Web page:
Bcl-2 family proteins play critical roles in the regulation of programmed cell death and apoptosis (reviewed in refs 1-4). Changes in the levels or bioactivities of these proteins are associated with a variety of physiological processes where cell death occurs, including fetal development, haematopoietic and immune cell differentiation, oogenesis, mammary gland involution, and normal cell turnover in the epidermis, gut, and several other tissues. Moreover, pathological alterations in the expression of Bcl-2 family proteins have been documented in cancer, autoimmunity, immunodeficiency, heart failure, stroke, and other diseases (reviewed in refs 5-9). Consequently, methods for assessing the relative levels and bioactivities of Bcl-2 family proteins can be of interest to scientists in a board range of disciplines.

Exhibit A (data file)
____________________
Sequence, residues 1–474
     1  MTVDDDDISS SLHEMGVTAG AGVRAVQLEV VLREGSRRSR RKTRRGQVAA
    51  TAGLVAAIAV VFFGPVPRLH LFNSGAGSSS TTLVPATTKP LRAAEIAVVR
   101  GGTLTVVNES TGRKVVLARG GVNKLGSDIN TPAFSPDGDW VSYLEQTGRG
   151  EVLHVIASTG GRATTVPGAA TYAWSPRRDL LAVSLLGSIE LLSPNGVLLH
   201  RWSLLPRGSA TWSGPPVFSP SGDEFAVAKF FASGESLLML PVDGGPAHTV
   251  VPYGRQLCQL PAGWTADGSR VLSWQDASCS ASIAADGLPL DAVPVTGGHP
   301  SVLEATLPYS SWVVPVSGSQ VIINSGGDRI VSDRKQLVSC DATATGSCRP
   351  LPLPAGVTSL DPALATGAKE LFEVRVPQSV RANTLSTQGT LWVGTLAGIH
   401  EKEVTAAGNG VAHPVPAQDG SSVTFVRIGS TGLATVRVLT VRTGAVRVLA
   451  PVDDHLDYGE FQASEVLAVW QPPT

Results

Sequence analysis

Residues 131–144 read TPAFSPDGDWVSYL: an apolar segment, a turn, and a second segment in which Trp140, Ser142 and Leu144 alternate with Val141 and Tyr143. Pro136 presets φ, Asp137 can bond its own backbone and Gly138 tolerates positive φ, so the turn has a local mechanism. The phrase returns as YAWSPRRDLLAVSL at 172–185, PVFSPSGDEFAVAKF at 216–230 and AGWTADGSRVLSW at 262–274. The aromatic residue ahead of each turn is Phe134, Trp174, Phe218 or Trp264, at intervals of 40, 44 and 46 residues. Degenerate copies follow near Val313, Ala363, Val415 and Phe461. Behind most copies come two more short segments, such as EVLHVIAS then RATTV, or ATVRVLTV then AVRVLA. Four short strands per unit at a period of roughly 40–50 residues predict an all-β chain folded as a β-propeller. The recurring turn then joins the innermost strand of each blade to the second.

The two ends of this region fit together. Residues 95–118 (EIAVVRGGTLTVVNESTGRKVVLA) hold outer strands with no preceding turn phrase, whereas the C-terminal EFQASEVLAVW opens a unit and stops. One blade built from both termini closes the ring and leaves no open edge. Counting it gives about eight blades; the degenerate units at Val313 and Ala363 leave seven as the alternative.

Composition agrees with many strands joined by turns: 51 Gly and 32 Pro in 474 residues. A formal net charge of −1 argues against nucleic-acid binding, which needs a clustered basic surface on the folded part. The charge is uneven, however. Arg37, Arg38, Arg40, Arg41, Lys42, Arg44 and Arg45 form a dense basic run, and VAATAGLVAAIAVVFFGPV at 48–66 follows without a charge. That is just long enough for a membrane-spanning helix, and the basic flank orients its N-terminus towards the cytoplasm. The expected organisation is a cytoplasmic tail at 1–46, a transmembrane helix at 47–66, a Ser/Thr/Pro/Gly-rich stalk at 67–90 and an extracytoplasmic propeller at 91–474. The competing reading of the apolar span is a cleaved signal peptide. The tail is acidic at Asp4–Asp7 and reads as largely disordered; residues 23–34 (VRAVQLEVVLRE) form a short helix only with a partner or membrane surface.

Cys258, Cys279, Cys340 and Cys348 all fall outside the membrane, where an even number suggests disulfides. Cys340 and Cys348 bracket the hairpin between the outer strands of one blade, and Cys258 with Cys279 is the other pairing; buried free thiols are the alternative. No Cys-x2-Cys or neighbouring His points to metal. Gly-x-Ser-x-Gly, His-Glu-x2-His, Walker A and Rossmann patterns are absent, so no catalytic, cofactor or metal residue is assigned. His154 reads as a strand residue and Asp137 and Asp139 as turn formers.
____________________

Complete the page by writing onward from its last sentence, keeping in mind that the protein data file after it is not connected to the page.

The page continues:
Here, we describe some of the methods routinely employed in our laboratory for this purpose. Many of the techniques described are specifically intended for analysis of the Bcl-2 (anti-apoptotic) or Bax (pro-apoptotic) proteins or mRNAs, but can be modified readily for applications to other members of the Bcl-2 family.

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